All menu items identified by patients were confirmed as important or very important by more than half of the patients interviewed (Figure 1). Participants recommended several additional goals, including trying to find the right specialist who listened to their symptoms and concerns. About half also discussed goals related to their emotional health, including coping with the loneliness or isolation they had experienced and a desire to find support from others with RA. Some have described their goal of wanting to help others with RA. Some respondents wrote in goals that specified ambitious activities, such as lifting weights, practicing yoga, or running.
Attachment 1: A classified menu of patient-identified goals in rheumatoid arthritis
Source: Author analyzed surveys conducted in collaboration with AiArthritis and Arthritis Foundation.
More than half of the respondents further delved into the financial problems they or others had experienced, including the additional costs associated with living with RA. One discussed the additional time required for daily activities while living with RA. Others reiterated that coping with their pain was their most important goal. Several respondents speculated that the goals would vary with age or time with the disease.
In short, there is a lot to be learned from patients eliciting goal-based outcomes. With this work, we have established the feasibility of collecting individualized patient goals on a large scale. The method for goal collection used partnerships with patient organizations for online-only contact and collection of treatment goal data, expanding the goal-based approach from an in-clinic discussion between patient and physician. With a broader collection of “public” data using various platforms, such as web-based interfaces and mobile applications, it is possible to include broader input from patient communities in health care assessment, including HTA of specific interventions or treatment sequences.
This work follows a substantial history of outcome assessment in RA, including recommendations from the European Alliance of Associations for Rheumatology, Outcome Measurements in Rheumatology, and the Joint Fund Patient Reported Outcome Measurement Information System. The method described above, however, focuses specifically on patient care goals and the representation of goals that can be used in a GAS framework. It also allows for collection from large samples. To ensure that the set goal continues to accurately reflect the goals of the patient community, stakeholders should support the continuous elicitation of goals indefinitely. Periodic goal checks through patient / clinician GAS discussions will further strengthen the loyalty of the goal set to the patient community of interest.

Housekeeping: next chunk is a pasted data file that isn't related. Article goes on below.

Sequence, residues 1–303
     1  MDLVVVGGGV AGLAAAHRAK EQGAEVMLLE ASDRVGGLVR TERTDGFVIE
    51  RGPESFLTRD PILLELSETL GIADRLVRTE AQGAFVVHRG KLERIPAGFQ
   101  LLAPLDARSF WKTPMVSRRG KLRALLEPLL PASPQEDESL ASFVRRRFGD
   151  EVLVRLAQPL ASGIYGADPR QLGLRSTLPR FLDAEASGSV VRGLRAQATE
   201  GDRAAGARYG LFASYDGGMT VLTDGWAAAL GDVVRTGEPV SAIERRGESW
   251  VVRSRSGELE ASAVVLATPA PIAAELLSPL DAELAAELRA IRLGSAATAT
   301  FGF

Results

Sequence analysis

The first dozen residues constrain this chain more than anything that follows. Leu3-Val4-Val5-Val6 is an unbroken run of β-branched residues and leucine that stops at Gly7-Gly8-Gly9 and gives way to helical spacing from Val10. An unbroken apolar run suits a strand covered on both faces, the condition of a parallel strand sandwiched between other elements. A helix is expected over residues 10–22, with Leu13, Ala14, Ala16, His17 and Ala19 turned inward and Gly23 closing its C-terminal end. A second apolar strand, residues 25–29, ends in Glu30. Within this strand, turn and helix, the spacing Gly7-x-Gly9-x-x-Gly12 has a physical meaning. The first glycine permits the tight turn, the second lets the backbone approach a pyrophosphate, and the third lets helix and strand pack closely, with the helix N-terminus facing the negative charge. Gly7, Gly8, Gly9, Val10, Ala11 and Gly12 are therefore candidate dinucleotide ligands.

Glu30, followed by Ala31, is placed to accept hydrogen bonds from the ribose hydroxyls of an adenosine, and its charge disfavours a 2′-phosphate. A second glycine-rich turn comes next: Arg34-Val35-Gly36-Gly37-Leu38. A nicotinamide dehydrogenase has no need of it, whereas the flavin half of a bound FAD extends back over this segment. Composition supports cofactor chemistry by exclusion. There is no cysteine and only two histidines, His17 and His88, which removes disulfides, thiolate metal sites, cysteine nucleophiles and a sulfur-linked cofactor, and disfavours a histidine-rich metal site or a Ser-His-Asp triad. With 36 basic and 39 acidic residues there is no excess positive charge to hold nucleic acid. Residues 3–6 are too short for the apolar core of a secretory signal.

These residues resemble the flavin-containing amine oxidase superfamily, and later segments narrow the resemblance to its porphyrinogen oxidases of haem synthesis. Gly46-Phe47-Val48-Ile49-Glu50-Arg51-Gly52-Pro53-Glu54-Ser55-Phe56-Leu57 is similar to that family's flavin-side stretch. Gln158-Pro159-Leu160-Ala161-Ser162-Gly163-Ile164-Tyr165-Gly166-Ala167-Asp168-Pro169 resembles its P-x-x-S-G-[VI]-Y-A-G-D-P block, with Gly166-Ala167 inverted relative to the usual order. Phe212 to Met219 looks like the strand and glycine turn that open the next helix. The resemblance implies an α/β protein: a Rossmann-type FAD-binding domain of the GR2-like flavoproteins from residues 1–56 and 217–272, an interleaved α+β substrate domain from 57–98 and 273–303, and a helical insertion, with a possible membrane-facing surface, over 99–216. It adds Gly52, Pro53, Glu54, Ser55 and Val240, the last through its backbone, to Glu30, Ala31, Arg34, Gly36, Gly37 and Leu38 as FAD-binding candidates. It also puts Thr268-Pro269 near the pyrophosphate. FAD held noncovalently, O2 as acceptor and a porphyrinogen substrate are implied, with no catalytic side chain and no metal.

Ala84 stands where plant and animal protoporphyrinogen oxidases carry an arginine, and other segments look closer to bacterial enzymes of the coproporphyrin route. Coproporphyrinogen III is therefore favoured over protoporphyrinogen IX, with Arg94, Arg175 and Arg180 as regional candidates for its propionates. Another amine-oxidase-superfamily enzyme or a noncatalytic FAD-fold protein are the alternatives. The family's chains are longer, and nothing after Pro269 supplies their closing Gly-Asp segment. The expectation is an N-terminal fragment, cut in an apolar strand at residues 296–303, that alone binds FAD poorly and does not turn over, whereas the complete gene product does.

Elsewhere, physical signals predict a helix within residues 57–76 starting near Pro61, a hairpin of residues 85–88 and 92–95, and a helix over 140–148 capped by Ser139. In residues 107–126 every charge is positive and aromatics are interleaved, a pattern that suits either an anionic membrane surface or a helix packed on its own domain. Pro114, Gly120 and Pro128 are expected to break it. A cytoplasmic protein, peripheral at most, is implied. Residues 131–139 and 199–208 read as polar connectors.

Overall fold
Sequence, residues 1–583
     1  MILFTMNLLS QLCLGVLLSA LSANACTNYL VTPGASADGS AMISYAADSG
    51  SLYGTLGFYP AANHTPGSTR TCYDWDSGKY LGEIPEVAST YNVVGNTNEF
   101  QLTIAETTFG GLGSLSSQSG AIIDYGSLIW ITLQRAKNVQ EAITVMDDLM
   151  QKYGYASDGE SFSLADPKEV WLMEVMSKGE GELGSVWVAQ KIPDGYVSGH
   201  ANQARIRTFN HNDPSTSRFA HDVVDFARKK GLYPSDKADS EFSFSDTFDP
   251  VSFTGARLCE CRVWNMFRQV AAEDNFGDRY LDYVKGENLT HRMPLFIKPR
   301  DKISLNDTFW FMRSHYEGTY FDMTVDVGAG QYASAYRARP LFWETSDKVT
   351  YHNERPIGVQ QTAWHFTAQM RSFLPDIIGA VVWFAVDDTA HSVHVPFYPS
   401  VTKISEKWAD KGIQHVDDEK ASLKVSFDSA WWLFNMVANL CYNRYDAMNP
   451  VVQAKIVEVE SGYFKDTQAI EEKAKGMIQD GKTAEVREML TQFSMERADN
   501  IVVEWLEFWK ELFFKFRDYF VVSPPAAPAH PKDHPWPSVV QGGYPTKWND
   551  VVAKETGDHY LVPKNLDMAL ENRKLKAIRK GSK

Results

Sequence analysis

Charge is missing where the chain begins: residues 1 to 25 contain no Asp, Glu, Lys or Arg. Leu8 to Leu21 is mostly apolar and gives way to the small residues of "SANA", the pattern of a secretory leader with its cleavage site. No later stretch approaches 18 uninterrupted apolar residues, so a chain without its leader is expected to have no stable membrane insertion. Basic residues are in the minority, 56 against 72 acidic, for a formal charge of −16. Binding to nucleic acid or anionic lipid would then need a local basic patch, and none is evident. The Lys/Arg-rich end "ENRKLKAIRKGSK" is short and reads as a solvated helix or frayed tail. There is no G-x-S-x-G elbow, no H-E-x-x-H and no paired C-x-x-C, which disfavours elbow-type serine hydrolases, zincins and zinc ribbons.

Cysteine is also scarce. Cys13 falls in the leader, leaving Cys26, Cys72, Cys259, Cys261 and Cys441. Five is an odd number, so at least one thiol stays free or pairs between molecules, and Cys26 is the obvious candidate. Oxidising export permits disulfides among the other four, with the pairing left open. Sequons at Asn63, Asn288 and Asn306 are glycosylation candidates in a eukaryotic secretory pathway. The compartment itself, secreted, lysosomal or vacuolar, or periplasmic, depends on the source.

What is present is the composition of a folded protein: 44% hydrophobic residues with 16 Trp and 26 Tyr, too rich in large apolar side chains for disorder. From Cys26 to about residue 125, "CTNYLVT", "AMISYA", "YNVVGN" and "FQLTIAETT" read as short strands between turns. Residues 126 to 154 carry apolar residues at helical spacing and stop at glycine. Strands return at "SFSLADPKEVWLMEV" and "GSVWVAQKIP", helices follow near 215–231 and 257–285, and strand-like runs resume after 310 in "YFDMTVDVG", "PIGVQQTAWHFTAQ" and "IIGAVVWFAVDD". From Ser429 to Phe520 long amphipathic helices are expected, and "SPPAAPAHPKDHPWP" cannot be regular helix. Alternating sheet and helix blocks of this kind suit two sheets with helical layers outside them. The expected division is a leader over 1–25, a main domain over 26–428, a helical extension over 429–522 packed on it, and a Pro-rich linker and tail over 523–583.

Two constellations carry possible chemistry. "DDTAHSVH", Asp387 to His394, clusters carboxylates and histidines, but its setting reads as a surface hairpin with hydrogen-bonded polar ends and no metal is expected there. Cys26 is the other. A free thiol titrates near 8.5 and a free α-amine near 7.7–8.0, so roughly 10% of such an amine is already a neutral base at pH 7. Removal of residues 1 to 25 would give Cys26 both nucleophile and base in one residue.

Further data collection would allow stakeholders to identify and distinguish between RA disease specific targets and those that are generic or applicable to other patient communities. Given the key goal of informing HTA, this method maintains a critical link with the specific goals of the disease. At the same time, by identifying which goals are relevant to all diseases, we can establish a set of fundamental or fundamental goals on which to build different therapeutic areas.
We see substantial growth in patient-informed research in the biomedical sciences. Our experience has shown that the structures, principles and methods that support patient and stakeholder engagement in research are far less complicated and far more intuitive than many researchers assume. Advocates of HTA could make substantial progress in translating value assessments into all healthcare settings by adopting approaches that can be approved, understood and used by patients, doctors, payers, employers and policy makers.
Note from the authors
Project steering committee members included: Susan Bartlett, PhD, of McGill University; Clifton Bingham, MD, of Johns Hopkins University; Deb Constien, patient representative; Stacy Courtna, patient representative; Julie Eller of the Arthritis Foundation; Erin Giovanetti of Medstar Health; Juan Marcos Gonzalez, PhD, of Duke University School of Medicine; R. Brett McQueen, PhD, of the Anschutz Medical Campus of the University of Colorado; Lawrence “Rick” Phillips, EdD, patient representative; Suz Schrandt of EXxPECT LLC. The authors have funding for several research projects relevant to the content of this article from: Institute for Value Improvement, 501c3; PhRMA Foundation, 501c3; and PhRMA, 501c4.